Volunteers Older than the State Come to Serve in the Army

April 26, 2012  

As the state of Israel celebrates its 64th Independence Day, volunteers older than the state itself continue to arrive and help out IDF soldiers.

Arutz Sheva recently met with a group of volunteers from the Sar-El organization as they arrived at the Ben Gurion Airport.

Sar-El was founded after the summer of 1982 when, in the midst of the Galilee War in Lebanon, Golan Heights communities faced the disastrous prospect of losing their entire agricultural crop. The majority of able-bodied residents had been called up for army reserve duty and entire farms, with crops already ripened, were left unattended due to manpower shortage.

Dr. Aharon Davidi, former head of the IDF Paratroopers and Infantry Corps, was directing at the time the Golan Heights community and cultural activities. Touched by the distress of the residents, he sent a number of friends as a recruitment team to the United States. Within a few weeks, some 650 volunteers arrived in Israel to lend their support through volunteer labor.

When the volunteers realized the merits of their actions, they expressed the wish that the volunteer project be perpetuated. As a result, Sar-El – The National Project for Volunteers for Israel – was founded in the spring of 1983 as a non-profit, non-political organization (“Sar-El” is the Hebrew acronym meaning “Service for Israel”).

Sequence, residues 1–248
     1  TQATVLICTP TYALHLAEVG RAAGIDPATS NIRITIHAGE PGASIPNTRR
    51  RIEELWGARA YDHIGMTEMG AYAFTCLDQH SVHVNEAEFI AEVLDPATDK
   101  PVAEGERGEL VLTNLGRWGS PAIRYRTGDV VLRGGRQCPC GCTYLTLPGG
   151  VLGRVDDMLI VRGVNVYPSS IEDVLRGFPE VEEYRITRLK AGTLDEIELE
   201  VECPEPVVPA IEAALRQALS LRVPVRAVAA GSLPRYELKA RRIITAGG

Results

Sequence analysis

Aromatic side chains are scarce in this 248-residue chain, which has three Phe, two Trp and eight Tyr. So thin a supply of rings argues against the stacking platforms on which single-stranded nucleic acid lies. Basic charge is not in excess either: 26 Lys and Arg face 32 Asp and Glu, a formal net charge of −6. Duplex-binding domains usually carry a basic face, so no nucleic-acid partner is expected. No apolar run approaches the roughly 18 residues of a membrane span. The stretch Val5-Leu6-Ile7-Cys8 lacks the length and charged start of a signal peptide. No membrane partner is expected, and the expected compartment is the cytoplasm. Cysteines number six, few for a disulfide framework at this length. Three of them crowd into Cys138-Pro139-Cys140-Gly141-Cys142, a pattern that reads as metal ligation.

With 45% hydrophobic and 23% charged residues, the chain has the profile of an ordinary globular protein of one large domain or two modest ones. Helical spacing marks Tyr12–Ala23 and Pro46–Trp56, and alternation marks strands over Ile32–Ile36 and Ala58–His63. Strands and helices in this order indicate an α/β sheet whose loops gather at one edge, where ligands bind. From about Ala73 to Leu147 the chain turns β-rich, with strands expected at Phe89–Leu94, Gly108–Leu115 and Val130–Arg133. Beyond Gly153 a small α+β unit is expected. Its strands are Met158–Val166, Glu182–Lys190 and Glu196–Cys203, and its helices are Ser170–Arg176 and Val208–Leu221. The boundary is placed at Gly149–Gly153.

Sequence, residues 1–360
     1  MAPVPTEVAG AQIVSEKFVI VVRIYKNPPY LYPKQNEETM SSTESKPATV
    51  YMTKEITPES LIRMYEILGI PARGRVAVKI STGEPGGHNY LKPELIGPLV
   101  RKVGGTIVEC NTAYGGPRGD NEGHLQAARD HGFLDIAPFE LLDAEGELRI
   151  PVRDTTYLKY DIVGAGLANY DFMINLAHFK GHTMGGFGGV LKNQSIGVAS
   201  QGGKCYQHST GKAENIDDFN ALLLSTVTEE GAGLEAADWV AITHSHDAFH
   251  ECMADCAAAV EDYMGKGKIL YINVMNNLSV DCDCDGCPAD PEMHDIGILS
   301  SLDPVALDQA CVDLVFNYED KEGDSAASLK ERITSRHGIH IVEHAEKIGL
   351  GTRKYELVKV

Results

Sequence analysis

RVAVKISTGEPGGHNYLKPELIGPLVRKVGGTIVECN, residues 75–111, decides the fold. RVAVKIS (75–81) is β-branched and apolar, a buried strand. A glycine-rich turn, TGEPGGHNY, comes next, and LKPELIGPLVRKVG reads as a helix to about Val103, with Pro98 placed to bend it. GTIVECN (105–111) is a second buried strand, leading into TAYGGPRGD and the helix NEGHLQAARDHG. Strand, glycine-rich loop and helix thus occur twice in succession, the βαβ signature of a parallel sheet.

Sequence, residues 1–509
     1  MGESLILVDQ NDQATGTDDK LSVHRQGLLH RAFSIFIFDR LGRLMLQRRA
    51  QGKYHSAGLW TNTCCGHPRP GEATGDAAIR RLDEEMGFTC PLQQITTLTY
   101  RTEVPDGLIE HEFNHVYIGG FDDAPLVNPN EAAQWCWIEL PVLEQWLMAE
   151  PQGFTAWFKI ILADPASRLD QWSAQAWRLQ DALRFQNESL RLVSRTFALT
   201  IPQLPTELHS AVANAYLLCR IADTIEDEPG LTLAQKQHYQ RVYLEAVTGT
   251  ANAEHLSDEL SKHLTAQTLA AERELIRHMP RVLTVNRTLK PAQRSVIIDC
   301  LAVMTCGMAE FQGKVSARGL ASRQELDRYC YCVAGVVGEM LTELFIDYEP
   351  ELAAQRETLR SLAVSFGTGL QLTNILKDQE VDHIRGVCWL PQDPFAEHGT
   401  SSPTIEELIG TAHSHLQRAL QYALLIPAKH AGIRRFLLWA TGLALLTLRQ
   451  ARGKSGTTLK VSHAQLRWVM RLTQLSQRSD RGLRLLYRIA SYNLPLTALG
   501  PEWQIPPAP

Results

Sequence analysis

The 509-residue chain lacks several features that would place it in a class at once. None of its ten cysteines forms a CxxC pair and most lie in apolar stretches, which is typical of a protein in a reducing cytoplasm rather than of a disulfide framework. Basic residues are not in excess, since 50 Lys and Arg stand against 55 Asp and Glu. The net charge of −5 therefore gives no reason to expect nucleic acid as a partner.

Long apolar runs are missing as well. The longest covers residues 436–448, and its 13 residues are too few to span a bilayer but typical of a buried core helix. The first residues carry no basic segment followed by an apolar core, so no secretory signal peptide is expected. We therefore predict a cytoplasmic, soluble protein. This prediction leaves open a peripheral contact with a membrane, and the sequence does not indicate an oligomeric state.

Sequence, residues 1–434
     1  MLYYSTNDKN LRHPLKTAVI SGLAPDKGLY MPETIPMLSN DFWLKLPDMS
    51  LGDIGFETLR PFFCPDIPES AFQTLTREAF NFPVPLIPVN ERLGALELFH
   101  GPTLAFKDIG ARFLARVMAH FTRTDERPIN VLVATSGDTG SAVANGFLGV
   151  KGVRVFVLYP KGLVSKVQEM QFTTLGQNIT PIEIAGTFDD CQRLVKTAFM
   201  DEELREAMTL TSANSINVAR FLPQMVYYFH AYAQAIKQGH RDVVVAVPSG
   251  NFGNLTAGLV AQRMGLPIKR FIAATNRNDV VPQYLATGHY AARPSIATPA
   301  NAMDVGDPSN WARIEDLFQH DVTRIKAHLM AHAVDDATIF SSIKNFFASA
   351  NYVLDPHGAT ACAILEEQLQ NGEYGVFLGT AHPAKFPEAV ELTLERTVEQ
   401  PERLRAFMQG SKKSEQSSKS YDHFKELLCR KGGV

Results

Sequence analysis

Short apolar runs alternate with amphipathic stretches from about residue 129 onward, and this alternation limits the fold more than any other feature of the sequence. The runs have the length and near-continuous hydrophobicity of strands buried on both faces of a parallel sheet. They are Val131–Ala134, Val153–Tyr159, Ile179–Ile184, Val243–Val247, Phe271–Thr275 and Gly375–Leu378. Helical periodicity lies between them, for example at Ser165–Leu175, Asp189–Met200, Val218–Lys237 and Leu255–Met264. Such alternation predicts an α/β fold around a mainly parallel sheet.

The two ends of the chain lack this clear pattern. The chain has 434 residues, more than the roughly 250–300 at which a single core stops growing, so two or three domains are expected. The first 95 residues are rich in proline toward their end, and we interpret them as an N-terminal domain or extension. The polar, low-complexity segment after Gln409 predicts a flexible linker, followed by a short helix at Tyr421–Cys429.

Over the years, volunteers from other countries, both Jewish and non-Jewish, came to partake in the project, and to date, Sar-El is represented in some 30 countries worldwide.

Since its inception and up through the end of 2010, the volunteer project has brought in over 125,000 volunteers, of which 6 percent have since made aliyah. Sar-El has been awarded the Chairman of the Knesset Award.

Sar-El’s volunteers work in IDF warehouses, participate in guided tours of interesting locations in Israel and hear lectures on Jewish and Israeli topics, among other things.

“They’re not doing combat duty, although some of them would like to,” Pamela Lazarus, Sar-El’s program coordinator, told Arutz Sheva. “However, they’re working in warehouses, they’re working with equipment, they’re working with supplies, medical supplies, vehicles – all kinds of things that soldiers would have to do on the bases. Many times, they take the place of the reserve soldiers so the reservists don’t have to work as many weeks a year.”

According to Lazarus, the Sar-El experience “gives people more of a connection to Israel than any other way of helping Israel.” She said that this connection is often more of an incentive to make aliyah than anything else.

“It’s one thing to sit at home and write a check,” she said. “But when you’re here, actually working and seeing the people and knowing that you’re helping Israel, it’s the biggest thing you can do.”

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